Going For A Beer Run? Here's How A Brew Fares As A Post-Exercise Recovery Drink
To the uninitiated it can be a bit of a shock, but at the end of a weekend road race or triathlon, right next to the bananas and Gatorade, you are increasingly likely these days to find the beer tent.
Geoffrey Pedder, 41, recently launched the Zelus Beer Company in Medfield, Mass., to capitalize on this growing trend.
"I saw how much beer was drunk at the end of races," Pedder said, "and I felt like there's a big community there. There's a lot of people who enjoy an active lifestyle — running and a lot of other sports. Beer is a very social activity. So, I don't think it's such the oxymoron that people think it is. It's just a matter of enjoyment."
Pedder was convinced that because active people were drinking beer anyway, they'd be especially interested in drinking beer targeted especially at them. His range of choices have an ABV, or alcohol by volume, of less than 5%, rare among today's craft beer.
Magazines like Runner's World and Muscle & Fitness are increasingly promoting the benefits of alcoholic drinks — and featuring Zelus Beer — in articles like "7 Beers That Will Legitimately Help You Recover Faster" and "13 Healthy(ish) Beers to Drink After Your Workouts."
If you think it sounds crazy to think of beer as a recovery drink, you're not alone. But the trend is catching on.
"A high percentage of craft drinkers now say, 'aligns with my fitness goals is one reason why I'm choosing a beer,' " said Bart Watson, chief economist at the Brewers Association in Denver.
"That doesn't mean that they're thinking of it as a health drink, first and foremost, but it's something that they want to build into that lifestyle, and it's something that they can look forward to at the end of a workout," Watson said.
Watson pointed out that cold beer and camaraderie — even at 10 a.m. — is one of the reasons why some weekend warriors actually get off the couch, especially to take advantage of lower-alcohol and lower-calorie options.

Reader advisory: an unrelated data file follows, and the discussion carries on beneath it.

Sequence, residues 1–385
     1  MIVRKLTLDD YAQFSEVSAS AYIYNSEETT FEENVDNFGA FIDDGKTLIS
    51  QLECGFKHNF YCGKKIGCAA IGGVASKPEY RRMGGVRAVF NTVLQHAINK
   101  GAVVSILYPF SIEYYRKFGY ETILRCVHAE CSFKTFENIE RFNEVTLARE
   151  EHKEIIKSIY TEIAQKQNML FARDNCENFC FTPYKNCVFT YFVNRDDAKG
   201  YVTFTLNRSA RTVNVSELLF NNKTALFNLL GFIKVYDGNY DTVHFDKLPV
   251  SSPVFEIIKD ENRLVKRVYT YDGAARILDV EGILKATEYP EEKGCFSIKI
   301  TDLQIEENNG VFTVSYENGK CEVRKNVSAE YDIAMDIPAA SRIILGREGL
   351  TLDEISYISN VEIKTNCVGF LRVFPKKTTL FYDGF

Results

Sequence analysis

"Light beers have been huge for decades," Watson said, calling the rollout of light beer in the late 1970s and early '80s a "revolution" for the beer industry. "But no one ever expected them to taste good," he continued. "What's happening now is that craft brewers are taking this up and running with it — you've got full flavor and fewer calories."
He concedes, though, that while growing, the market is still tiny for "lighter" craft beer. In terms of sales, it's about 1% of the craft beer market, which is about 13% of the overall beer market.
At the Powisset Farm Trail Run in Dover, Mass., last month, runners thronged the table where Pedder and his wife were handing out beer. Christine Dinneen, 51, Stacy Cawley, 44, and Brooke Freeburg, 38, were each sipping a 16-ounce can of Zelus.
"Whenever you go to races anywhere, when you play soccer, we're always rehydrating," Dinneen said. "It's not unusual to have a beverage after you work hard. It's just tasty and feels good. Having lower alcohol in there is a good thing."
Cawley said she isn't much of a beer drinker, but her two friends convinced her to try one. "I have to say it's really tasty. And I'm definitely motivated by the lower calories and (the) low alcohol," she said.